I've searched high and low and I haven't been able to find a formula for this.
I'm trying to calculate the time it will take to transit through a defined arc length of an elliptical orbit, whose start and end points are equidistant from a predefined point:
I already have the arc length, and I know how to find my instantaneous velocity at any point along the orbit. What I don't know is how to calculate the time it will take to complete that arc length, since the object will be constantly changing velocity through the transit.
Can I just take an average of my velocities at the start, end, and midpoint of the arc? The start and end points should be the same value, right?
Say my velocity is 9900m/s at the start of my arc, 10100m/s at periapsis, and 9900m/s again at the end of the arc. Can I just divide the length of the arc by the average of those velocities to get the transit time, or will it be more complicated?
UPDATE: I think I've solved the problem using simple geometry! I realize this would be easier with calculus, but I haven't learned it yet, so for now, I'll stick to this solution.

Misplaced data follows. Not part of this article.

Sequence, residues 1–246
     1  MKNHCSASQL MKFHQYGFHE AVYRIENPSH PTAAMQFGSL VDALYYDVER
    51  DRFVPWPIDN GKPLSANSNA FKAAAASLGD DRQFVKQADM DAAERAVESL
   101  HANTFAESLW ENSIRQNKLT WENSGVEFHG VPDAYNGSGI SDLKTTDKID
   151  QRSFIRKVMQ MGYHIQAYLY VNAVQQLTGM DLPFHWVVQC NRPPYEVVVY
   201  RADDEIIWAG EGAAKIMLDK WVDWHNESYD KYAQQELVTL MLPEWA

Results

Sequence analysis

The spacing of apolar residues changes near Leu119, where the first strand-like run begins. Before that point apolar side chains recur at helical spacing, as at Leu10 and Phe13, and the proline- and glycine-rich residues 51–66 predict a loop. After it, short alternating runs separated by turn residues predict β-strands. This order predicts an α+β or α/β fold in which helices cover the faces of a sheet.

Here's a gif of the calculator in action: https://gfycat.com/GleefulSaneHypacrosaurus
I went with Kepler's second law, as per the answer @rob suggested. But I had to do a little trick, because I couldn't figure out how to calculate the area of the arc sector from a focus and Geogebra only lets you find the area of a sector from the center.
So, I made a triangle from the center to each end point of the arc, and subtracted that area from the area of the arc sector including the curved section, so that I only ended up with the area of the curved section.
After that, I just add the area of the curved section to the area of a triangle from the focus occupied by the planet to the two end points of the arc to get the total area swept out during that section of orbit.
Then I went ahead and divided the total area of the ellipse by the area of that sector.
Finally, I took the total orbital period, and divided that by the number returned from the previous step. This gives a number in seconds that looks reasonable, and returns correct values when the eccentricity is very close to 0.
But, I'm only about 99.99% sure it's correct. Can anybody confirm my results? I really appreciate everybody's help, but again, calculus is just a bit over my head right now.